Understanding data triggers in APRO
One of the most powerful features of Async Professional is data triggers. Using these can make writing such programs as automated fax and file servers dramatically easier. The trade-off (there's always at least one) is that they can be a bit difficult to understand and implement. Once you master data triggers, however, the door is opened to greatly simplified yet powerful asynchronous programming.

 

Keep these important data triggers issues in mind and you should be able to get your programs up and running easier and faster.

 

Getting the Basics
A complete discussion of data triggers would be overly complex. Here, we'll go over the basics of adding and using a data trigger in a program. You may notice that what's here doesn't exactly match what's in our manual. Rather than depending on you finding a note in the latest README file, we're using the Tech Tip to let you know about a rather significant change to what you may have understood about data triggers.

The idea behind data triggers in Async Professional is to allow you to watch for a given set of one or more characters in the incoming data. You can set one or set several. For example, you could use data triggers to automatically log into a computer to look for words such as 'Password', 'User Name', etc.

You add a trigger for 'Password' with only one line of code:

Trigger1 := ApdComport1.AddDataTrigger('PASSWORD', False);

In this case, we're telling APRO to let us know when the string 'Password' has been received and that the match is not case-sensitive. The value of the assigned trigger is stored in Trigger1. It may not be absolutely necessary to store the value but, if we had several data triggers, it would be used to determine which data trigger had been received.

To know when the trigger has been received, you add an OnTriggerData event handler, e.g.,

procedure TExTrigTest.ApdComPort1TriggerData
  (CP: TObject; TriggerHandle: Word);
begin
  if (TriggerHandle = Trigger1) then
    Label1.Caption := 
      'Trigger Received'; 
end;

Of course, you'd do something more practical with your event handler but this illustrates the point. Take a look at the EXHOST or EXAUTO examples to see a more realistic use of data triggers.

One thing missing that's very important is an OnTriggerAvail event handler. This allows the APRO dispatcher to hand off the data that's been received from Windows. You should create an OnTriggerAvail event handler that gets called when data is available. It's in this event handler that you should actually read the data from the input buffer.

When does the event fire and what data has been received?
This is where we'll part company with the existing documentation that says that when the OnTriggerData event fires, all characters up to - but not including those in the data trigger - have been passed on via the OnTriggerAvail event. In the case of our 'Password,' that would mean that all characters up to but not including 'P' had been received. Next, the OnTriggerData would fire, followed immediately by an OnTriggerAvail where the first eight characters would be 'Password' along, maybe with some other characters. Although this is the typical behavior for APRO, it is not the guaranteed behavior.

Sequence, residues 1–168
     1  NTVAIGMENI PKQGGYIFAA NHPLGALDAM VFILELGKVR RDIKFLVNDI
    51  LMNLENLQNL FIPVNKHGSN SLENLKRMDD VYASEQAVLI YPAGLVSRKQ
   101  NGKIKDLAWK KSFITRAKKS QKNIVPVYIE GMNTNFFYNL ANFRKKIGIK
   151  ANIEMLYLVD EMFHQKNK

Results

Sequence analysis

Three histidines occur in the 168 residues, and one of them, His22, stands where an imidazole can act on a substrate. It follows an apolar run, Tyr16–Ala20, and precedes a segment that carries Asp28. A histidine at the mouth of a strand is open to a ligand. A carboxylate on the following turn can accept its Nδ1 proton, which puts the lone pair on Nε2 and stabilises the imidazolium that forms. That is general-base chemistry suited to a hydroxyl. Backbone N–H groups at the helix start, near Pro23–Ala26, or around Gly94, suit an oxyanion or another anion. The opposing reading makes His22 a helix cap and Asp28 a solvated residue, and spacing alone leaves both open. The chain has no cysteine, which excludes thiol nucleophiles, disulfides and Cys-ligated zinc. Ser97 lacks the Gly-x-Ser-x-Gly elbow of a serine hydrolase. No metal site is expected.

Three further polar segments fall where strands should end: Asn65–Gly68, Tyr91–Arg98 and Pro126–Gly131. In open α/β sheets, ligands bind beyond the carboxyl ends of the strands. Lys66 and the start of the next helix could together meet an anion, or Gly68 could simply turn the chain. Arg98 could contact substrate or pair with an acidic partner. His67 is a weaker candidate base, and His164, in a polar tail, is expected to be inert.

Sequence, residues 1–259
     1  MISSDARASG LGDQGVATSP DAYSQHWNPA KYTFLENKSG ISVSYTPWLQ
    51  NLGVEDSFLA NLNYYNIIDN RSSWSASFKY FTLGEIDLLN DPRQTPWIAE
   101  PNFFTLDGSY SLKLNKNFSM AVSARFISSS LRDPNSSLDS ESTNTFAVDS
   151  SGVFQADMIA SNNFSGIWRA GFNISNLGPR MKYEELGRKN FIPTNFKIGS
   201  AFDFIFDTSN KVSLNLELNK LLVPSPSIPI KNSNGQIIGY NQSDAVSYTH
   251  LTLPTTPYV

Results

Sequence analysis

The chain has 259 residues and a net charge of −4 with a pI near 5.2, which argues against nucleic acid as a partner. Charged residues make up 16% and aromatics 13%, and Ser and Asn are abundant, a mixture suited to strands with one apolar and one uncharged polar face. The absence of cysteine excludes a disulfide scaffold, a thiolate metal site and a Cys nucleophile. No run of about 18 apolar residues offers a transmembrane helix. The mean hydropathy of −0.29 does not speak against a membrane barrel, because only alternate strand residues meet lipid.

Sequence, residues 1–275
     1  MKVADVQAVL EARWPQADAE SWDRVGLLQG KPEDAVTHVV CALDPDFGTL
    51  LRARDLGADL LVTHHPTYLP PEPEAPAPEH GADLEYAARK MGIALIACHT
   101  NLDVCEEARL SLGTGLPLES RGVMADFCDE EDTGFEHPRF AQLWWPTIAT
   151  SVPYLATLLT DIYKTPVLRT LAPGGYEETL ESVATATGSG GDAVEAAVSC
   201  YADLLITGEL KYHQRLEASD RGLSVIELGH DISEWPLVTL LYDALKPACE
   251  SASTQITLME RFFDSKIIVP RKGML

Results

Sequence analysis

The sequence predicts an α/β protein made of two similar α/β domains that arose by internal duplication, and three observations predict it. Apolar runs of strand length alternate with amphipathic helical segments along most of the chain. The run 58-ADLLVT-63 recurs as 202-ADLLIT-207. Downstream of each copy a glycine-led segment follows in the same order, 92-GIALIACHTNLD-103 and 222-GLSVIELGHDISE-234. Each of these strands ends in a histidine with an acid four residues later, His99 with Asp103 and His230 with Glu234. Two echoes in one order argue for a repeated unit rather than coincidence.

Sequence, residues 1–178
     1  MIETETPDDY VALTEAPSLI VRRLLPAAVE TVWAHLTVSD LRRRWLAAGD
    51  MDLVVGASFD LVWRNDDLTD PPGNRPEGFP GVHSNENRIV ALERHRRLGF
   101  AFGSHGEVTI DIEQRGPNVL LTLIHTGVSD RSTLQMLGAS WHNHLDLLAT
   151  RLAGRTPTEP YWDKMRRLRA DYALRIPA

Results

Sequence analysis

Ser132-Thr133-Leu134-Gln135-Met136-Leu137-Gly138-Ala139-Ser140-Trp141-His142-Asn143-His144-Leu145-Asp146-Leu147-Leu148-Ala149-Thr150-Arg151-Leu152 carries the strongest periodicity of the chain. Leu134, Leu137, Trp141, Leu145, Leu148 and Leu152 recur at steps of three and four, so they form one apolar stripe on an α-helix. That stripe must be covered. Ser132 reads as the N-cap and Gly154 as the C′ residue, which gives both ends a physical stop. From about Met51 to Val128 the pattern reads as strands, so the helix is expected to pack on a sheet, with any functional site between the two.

In reality, the OnTriggerAvail events fire with no regard to the data trigger. That means, in our example, that you may have 'Password' as the first characters, the last characters, or be embedded somewhere in the middle of those characters available in the OnTriggerAvail event. In fact, the two characters may come in separate events, not in just one. The OnTriggerData event says only that 'Password' has been received at some recent time.

So far this applies to data triggers longer than one character. If, instead, the trigger had been a carriage return (#13), the behavior would be as first described and in line with previous documentation. It also applies to longer data triggers when the other side pauses after sending the trigger, such as a host sending 'Password', meaning the data triggers are perfect for such tasks as log-in scripts.

In those cases where the data trigger is longer than one character and the data flow is continuous, or nearly so, then you have more work to do. If you have control over the characters being sent, you can add a unique ending character to the data trigger. When the OnTriggerData event fires because of this unique character, you can set a flag that tells the OnTriggerAvail event to look for the character the next time it fires and keep either those before, after, or including the unique character. If you can't control the sending characters, then the OnTriggerAvail will use the flag to "know" that somewhere in the data buffer into which you're storing incoming characters is the data trigger and take action accordingly.

Since data triggers are an integral and often used feature of Async Professional, we are looking at ways to make the task of handling specified characters or strings easier and even more dependable. For example, you might be able to specify a buffer and the trigger that starts or ends the data you want and APRO will handle the rest. In the meantime, keep these important data triggers issues in mind and you should be able to get your programs up and running easier and faster.

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Last updated: July 22, 2003.